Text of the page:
The Sciences

How Habitable is an Earth-Like Exoplanet?

D-briefBy Bill AndrewsOct 31, 2013 1:38 AM


Sign up for our email newsletter for the latest science news

Kepler-78b is a planet that shouldn't exist. This scorching lava world, shown here in an artist's conception, circles its star every eight and a half hours at a distance of less than one million miles. Image credit: David A. Aguilar (CfA) Looking for planets outside the solar system is cool and all, but the obvious subtext behind much of the searching is the possibility of finding another Earth out there — a relatively small, mostly rocky planet with liquid water and, thus, habitable conditions. Today scientists announce they've found a planet that meets all but one of those criteria. The planet named Kepler-78b, some 400 light-years away, was already known to be just 1.2 times bigger than Earth, but twopapers in Nature today announced its mass was pretty close too, just 1.7 times Earth’s own. That means the exoplanet has a very similar density to our homeworld, implying the two are made of basically the same stuff, mostly rock and iron. It’s practically an Earth-twin we’ve found out there! Success!

Hell on Earth

But don't stop the presses just yet. That planet is actually nothing like Earth — at least as far as habitability is concerned. Despite headlines like “Kepler 78b is Most Earth-like Planet Yet,” and "New Exoplanet is a ‘Virtual Twin of Earth,’ ” you definitely wouldn’t confuse the two worlds.

Kepler-78b is about 20 percent larger than Earth, with a diameter of 9,200 miles, and weighs roughly 1.8 times as much as Earth. Image credit: David A. Aguilar (CfA) Astronomers mean something specific when they talk about Earth-like worlds: basically, they are just referring to planetslike Kepler-78b, with compositions and sizes like Earth's. What that description doesn’t include, but matters enormouslyfor purposes of habitability, is temperature. Specifically, due to Kepler-78b's absurdly close orbit around its Sun-like star, Kepler 78, the world’s surface temperature is around 4,300 degrees Fahrenheit. As "Bad Astronomer" Phil Plait puts it:

With a daytime temperature in the thousands of degrees, the surface of the planet is almost certainly molten rock, so it’s not exactly a vacation spot. But it does show that the Earth is not a one-off planet; the Universe is quite capable of making Earth-sized planets that have the same physical characteristics as well.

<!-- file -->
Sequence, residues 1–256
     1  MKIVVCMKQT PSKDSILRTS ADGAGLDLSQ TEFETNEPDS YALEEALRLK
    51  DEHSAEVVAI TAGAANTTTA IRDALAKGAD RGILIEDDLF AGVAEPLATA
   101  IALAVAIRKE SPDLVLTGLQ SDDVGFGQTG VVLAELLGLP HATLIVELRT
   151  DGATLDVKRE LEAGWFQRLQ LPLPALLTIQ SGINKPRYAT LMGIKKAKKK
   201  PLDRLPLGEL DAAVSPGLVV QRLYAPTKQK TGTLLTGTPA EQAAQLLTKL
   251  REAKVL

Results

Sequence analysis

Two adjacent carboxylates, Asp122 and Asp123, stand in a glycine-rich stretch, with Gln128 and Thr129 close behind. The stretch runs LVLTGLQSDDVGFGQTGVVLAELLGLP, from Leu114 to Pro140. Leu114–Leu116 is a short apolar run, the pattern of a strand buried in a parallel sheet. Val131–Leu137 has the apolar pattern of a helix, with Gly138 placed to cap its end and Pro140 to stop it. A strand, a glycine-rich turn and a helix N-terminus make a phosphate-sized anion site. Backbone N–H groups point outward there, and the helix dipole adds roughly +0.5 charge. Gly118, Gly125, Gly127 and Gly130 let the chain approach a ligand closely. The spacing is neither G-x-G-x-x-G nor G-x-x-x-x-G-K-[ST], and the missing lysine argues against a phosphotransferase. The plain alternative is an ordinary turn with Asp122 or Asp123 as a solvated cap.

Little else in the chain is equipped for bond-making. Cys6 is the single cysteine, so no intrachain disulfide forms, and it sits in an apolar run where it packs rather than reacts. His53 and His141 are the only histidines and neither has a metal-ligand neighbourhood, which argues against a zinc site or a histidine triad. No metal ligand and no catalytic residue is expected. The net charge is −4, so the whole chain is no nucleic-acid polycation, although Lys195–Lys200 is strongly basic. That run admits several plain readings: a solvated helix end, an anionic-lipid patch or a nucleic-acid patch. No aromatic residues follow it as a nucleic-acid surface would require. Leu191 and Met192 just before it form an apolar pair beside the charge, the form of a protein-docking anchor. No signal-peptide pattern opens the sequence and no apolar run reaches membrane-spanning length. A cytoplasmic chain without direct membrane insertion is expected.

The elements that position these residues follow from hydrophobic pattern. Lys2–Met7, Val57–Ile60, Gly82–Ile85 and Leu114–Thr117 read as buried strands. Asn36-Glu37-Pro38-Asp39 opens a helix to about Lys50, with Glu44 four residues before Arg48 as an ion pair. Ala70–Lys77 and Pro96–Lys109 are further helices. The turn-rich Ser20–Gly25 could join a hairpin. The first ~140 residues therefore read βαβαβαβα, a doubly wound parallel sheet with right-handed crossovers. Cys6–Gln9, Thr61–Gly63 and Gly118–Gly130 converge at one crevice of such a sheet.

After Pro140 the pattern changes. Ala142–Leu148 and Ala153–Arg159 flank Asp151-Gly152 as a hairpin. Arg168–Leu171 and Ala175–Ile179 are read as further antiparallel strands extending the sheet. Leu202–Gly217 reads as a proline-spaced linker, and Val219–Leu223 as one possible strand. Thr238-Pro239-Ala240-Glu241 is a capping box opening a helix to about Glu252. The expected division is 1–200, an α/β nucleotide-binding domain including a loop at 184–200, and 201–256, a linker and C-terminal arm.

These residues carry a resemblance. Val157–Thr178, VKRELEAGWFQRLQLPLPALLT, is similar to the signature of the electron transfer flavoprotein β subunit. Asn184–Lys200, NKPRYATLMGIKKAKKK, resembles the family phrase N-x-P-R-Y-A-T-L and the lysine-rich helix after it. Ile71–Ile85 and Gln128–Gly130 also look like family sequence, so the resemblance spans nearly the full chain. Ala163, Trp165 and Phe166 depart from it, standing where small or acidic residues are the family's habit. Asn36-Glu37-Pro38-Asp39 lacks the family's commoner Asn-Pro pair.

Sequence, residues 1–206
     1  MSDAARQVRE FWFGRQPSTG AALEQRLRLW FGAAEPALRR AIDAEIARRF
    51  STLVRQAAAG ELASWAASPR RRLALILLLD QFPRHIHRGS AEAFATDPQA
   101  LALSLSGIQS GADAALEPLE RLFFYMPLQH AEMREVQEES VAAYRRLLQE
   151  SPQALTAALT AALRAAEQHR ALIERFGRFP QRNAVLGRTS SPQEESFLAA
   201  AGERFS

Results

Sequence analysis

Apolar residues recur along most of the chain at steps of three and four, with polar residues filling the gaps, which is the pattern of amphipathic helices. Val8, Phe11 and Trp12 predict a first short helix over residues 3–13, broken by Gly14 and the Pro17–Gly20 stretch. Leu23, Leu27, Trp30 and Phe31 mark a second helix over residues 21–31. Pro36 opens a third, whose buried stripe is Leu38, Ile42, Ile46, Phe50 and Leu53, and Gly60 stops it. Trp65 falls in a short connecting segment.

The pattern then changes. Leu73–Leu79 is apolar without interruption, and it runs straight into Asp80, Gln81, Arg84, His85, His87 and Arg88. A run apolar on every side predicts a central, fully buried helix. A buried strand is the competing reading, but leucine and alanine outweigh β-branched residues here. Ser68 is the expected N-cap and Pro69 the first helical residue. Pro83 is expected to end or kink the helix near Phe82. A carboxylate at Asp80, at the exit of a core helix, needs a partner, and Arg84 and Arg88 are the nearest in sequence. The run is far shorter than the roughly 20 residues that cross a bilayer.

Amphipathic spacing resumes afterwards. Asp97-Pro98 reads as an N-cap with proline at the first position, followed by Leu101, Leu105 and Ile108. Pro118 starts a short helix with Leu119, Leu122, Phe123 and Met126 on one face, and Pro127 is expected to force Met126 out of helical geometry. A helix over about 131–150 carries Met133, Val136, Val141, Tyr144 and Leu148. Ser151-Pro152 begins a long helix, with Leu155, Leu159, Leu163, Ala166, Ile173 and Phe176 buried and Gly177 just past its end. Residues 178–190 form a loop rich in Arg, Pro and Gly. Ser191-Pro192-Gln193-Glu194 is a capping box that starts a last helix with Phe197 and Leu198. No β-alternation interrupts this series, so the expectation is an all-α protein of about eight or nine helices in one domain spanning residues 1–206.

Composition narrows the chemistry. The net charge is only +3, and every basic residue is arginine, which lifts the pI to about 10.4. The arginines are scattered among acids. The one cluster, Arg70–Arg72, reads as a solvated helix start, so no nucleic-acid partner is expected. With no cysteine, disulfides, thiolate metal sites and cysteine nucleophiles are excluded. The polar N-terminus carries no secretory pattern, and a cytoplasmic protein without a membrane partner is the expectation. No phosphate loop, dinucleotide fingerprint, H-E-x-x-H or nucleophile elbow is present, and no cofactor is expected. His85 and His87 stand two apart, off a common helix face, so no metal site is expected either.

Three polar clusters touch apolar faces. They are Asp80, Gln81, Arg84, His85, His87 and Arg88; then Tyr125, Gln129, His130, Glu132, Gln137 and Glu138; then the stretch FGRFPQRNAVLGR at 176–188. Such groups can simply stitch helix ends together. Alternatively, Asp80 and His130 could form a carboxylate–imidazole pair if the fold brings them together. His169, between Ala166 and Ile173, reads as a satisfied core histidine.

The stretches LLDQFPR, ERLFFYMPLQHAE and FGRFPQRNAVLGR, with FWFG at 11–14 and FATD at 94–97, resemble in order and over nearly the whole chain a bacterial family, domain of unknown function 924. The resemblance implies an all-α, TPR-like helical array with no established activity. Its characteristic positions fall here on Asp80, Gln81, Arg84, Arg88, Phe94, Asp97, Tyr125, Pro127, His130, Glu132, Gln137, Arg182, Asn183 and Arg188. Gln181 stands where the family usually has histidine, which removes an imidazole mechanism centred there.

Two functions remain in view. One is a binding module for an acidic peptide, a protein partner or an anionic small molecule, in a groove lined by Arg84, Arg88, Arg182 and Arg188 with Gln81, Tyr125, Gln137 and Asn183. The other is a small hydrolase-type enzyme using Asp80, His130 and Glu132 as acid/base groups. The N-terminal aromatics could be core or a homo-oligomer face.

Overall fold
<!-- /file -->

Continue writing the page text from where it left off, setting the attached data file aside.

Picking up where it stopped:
So Hot, It’s Cool

Okay, so this planet might not be as big a deal as the headlines suggest, but it’s still pretty neat! This finding proves that Earth-like planets (in the astronomical sense) are indeed possible, and that we can find them. It also means theoretical planetary scientists have a lot of work ahead of them — a find like this was consideredliterally impossible, according to current theories. No one thought a rocky world like this could form so close to its star. And while planets (including possibly some of our own gas giants) have been known to migrate within their systems, none would dare to migrate so close to its star. Or so scientists thought. Yet, there it is! Perhaps the most fascinating part istrying to figure out how it got there. Plait and others suggest that maybe Kepler-78b is the burned out core of a larger gas world whose tight solar embrace blew away its gaseous atmosphere. But, of course, that’s just a guess. Another neat idea (with no evidence to back it up) is that our solar system once had its own super-hot rocky inner world that eventually got torn apart by the sun (as will almost surely happen to Kepler-78b). We'd have no way of ever knowing, of course, since such a body would leave no trace behind after its death. For now, marvel that we can see and know these things about worlds trillions of miles away. And keep an eye out for the increasingly likely discovery, someday, of an actually Earth-like world — and probably a few more near misses like this, too.

1 free article left
Want More? Get unlimited access for as low as $1.99/month

Already a subscriber?

Register or Log In

1 free articleSubscribe
Discover Magazine Logo
Want more?

Keep reading for as low as $1.99!


Already a subscriber?

Register or Log In

More From Discover
Recommendations From Our Store
Shop Now
Stay Curious
Our List

Sign up for our weekly science updates.

To The Magazine

Save up to 40% off the cover price when you subscribe to Discover magazine.

Copyright © 2023 Kalmbach Media Co.